By Stacy M. Brown
NNPA Senior National
IRS Commissioner Daniel Werfel has acknowledged what many have known for some time: Black taxpayers face an IRS audit exponentially more than other groups. Werfel acknowledged the disparity in a letter last week in which he responded to a request for information about the “apparent racial disparity” in selecting tax returns for audit, along with a plan to address the issue.
“Let me start by stressing that the IRS is committed to enforcing tax laws in a fair and impartial manner,” Werfel said in the letter addressed to the U.S. Senate.
“When evidence of unfair treatment is presented, we must take immediate action to address it. It is also important to reiterate that we do not and will not consider race as part of our case selection and audit processes.”
He continued: “Nevertheless, a recent study estimated, using imputed race values, that Black taxpayers are audited at three to five times the rate of non-Black taxpayers.
The research suggests, most of the disparity is driven by differences in correspondence audit rates among taxpayers claiming the Earned Income Tax Credit (EITC).
Deeply concerned by the findings, they are committed to doing the work necessary to understand and address any disparate impacts of their actions, he said.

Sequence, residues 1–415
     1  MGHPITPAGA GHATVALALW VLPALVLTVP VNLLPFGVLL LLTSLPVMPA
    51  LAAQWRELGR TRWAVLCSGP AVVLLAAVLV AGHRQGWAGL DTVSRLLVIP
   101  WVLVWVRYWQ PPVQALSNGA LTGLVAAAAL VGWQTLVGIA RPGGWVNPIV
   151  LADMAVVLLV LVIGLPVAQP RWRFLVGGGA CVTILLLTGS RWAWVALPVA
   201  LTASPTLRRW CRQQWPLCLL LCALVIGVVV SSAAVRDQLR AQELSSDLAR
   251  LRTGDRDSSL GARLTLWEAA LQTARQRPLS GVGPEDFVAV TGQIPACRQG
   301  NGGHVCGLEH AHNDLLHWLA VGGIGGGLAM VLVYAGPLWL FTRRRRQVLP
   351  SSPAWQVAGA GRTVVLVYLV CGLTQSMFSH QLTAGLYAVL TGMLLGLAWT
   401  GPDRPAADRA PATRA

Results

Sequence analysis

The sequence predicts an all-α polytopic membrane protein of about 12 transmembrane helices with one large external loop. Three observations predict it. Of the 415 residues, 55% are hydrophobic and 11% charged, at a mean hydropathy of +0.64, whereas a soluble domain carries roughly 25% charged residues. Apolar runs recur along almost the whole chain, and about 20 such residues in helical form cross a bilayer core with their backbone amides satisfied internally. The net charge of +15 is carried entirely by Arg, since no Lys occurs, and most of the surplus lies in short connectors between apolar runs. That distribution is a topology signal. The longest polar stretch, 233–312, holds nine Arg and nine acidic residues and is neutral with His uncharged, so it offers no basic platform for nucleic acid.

Werfel noted that as soon as Congress confirmed his appointment, he met with an IRS team that had already studied the issue of race discrimination in audits.
He noted that the research has continued as authorities try to pinpoint what drives the disparity and how to fix the issue.
Researchers discovered that Black taxpayers are five times more likely to face an audit when filing federal returns than any other race.
When President Biden signed the Inflation Reduction Act, the IRS received $80 billion, which the agency pledged to use to determine a better system to eliminate such discrimination.
“Back in March, my colleagues and I raised alarms with the new IRS boss about Black taxpayers being over-audited, and today he confirmed our suspicions,” tweeted Rep. Bill Pascrell, Jr. (D-N.J.). “The IRS is making strides, but extra audits of Black Americans are disgraceful and must end.”
Werfel promised that the IRS would accelerate an existing research effort to detect and ensure compliance among “ghost preparers,” individuals who are paid to prepare returns for others but do not identify themselves to the IRS. He went on to say that initial evidence confirms unscrupulous and ghost preparers prepare returns disproportionately in minority communities.
“We are making broad efforts to advance our commitment to fair and equitable tax administration and evaluating the best ways to address bias within our audit program.”